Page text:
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Ignoring time & space issues, focusing only on the strength & durability of the wood after the bend has set, what is going to give better results? We know from the answers at Other than speed does kiln drying have any advantage over natural aging? that natural aging has advantage in the quality of the end product. In this case though we are intentionally altering the curvature of the wood.

  1. Bending and storing green wood (frames, canes, keels, etc) in its final form
  2. Steaming naturally or kiln dried wood as above, for the short time it takes to dry.
  • I am looking forward to the results here. I'm hoping someone has some direct experience with this. Great Question! – BrownRedHawk Mar 19 '15 at 18:38
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    I suspect you need to be more specific in your question. There are downsides to using green wood that may not be offset by the ease of bending (shrinkage, further bending while drying, etc.). And kiln dried wood rarely bends well, even after steaming. I suspect in most cases, steam bending naturally dried wood with a specific moisture profile is probably the best. – Zach Mar 30 '15 at 18:17
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It is a well known solution in the wooden chair production. They are mostly using kiln dried wood at ~15% humidity. The steaming procedure recommendation is: 1hour for 1cm thickness under pressure of 1atm of 100% saturated steam. After bending the workpiece has to be dried and clamped in jigs in a drying chamber or in a high-frequency press.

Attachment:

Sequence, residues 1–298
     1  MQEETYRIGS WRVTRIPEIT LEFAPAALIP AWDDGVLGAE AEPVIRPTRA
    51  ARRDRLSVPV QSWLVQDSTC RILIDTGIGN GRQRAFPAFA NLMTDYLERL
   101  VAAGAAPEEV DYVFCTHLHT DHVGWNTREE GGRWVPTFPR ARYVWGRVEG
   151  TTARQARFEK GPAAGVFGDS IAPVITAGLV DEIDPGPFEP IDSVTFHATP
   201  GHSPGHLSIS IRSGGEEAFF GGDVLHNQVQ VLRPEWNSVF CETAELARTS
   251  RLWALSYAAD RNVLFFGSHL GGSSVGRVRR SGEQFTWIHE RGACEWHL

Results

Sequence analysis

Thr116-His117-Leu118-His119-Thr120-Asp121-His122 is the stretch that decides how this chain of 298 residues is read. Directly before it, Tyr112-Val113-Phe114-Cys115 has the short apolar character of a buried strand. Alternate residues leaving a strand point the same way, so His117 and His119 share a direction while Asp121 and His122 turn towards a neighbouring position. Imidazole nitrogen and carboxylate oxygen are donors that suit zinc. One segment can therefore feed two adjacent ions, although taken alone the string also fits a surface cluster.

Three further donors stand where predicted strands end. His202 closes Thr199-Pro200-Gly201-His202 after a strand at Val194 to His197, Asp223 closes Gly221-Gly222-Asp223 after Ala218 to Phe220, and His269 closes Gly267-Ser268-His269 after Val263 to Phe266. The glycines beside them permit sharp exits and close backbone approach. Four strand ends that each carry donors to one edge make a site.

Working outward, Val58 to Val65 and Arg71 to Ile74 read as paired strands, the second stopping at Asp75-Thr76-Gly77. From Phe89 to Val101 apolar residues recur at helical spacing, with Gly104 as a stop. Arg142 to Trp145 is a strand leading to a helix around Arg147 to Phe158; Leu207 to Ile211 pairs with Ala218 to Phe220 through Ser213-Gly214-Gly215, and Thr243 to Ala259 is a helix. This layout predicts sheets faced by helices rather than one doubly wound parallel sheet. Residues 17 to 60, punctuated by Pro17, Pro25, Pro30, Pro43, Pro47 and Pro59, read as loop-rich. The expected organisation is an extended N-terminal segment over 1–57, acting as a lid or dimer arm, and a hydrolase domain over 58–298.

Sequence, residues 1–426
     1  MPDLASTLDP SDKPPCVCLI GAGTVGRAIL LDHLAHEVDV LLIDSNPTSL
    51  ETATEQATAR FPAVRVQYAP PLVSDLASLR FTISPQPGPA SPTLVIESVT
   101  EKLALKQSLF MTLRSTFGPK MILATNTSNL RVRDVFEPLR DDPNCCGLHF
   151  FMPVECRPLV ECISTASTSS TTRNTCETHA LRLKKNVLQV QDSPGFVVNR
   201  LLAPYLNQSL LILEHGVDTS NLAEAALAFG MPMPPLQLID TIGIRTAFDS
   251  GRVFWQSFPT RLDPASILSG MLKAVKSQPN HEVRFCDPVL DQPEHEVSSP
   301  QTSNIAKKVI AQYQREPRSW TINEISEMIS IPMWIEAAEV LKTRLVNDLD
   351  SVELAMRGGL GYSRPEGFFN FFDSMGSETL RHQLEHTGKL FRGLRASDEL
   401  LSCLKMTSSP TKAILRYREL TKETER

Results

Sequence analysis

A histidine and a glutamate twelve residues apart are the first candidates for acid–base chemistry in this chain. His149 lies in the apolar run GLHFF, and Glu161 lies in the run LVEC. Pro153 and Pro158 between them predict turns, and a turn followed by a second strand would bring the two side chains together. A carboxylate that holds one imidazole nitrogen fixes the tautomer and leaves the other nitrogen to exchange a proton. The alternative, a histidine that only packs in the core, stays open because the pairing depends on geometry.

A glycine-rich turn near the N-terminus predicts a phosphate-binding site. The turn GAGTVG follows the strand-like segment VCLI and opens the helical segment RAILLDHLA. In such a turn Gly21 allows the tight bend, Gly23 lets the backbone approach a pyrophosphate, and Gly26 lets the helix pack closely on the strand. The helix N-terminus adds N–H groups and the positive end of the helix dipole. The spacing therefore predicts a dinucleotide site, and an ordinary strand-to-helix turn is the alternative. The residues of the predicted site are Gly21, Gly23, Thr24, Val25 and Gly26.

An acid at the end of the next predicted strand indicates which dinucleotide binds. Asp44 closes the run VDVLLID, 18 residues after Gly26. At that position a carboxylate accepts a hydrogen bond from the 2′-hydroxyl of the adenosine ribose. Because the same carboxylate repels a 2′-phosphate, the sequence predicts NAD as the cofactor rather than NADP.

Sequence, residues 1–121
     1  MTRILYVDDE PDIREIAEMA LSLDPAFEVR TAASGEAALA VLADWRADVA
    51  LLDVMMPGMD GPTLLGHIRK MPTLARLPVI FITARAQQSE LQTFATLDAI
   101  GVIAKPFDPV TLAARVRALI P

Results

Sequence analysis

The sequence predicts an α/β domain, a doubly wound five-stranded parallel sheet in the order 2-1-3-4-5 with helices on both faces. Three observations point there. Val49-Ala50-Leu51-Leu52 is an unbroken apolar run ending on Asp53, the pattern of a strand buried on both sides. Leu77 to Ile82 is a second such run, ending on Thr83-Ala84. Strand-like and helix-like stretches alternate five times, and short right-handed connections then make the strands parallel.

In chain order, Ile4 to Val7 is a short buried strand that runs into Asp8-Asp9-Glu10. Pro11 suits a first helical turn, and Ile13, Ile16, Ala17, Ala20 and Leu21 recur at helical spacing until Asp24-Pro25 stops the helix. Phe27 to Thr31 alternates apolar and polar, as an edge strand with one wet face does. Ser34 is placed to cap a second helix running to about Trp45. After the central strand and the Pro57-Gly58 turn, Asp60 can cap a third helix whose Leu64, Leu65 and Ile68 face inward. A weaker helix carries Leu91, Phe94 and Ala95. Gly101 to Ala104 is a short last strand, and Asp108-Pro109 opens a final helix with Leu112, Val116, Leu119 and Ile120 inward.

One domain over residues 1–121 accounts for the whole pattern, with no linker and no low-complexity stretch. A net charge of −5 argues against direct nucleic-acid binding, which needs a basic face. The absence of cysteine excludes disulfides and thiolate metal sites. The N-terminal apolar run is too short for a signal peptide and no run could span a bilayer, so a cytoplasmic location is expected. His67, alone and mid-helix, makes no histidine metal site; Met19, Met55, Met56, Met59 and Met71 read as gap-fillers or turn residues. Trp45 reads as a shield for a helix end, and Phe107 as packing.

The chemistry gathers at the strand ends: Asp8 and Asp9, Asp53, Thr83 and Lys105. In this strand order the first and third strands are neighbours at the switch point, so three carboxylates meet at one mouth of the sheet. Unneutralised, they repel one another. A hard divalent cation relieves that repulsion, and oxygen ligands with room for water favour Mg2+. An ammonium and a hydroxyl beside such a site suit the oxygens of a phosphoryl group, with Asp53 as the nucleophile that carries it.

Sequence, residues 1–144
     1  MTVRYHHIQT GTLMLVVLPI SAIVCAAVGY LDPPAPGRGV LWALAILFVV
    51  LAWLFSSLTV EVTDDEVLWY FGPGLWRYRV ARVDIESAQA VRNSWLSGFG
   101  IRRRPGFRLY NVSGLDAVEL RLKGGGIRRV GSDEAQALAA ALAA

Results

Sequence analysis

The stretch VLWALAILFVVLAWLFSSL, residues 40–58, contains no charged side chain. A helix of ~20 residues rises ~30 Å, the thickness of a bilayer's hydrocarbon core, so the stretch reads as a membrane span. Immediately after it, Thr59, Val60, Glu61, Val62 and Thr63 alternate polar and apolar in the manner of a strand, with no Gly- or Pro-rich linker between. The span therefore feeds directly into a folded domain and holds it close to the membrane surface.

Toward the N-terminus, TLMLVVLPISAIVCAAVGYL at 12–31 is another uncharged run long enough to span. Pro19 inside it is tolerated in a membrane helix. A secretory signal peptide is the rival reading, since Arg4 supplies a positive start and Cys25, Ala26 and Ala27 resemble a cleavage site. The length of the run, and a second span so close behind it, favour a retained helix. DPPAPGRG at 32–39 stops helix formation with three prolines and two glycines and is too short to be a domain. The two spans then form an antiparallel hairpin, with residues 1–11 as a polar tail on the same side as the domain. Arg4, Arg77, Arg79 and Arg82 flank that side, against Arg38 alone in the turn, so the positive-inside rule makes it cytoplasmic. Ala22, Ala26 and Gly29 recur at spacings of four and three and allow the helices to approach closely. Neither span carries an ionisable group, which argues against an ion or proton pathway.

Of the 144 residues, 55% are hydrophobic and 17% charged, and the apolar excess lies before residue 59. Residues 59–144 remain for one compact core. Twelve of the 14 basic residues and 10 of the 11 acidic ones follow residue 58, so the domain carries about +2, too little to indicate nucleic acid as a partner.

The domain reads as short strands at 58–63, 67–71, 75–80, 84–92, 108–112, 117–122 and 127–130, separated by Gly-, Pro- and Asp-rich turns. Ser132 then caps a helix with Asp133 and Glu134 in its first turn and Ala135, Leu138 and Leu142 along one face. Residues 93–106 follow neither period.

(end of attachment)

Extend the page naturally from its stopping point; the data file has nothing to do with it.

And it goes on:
• Can you expand on why this choice is better than using green wood? Is the choice you describe only because it is faster, or does it increase the quality of the product? – James Jenkins Mar 31 '15 at 12:23
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    Bending of workpieces from air dried wood has the advantage that the workpieces are more dimensionally stable and there will be substantially less errors, damages and deformations in the drying process. When drying bended green wood can lead to a lot of errors during the drying process, especially cracks or .unexpected shape deformations. – Marjan Mar 31 '15 at 21:12

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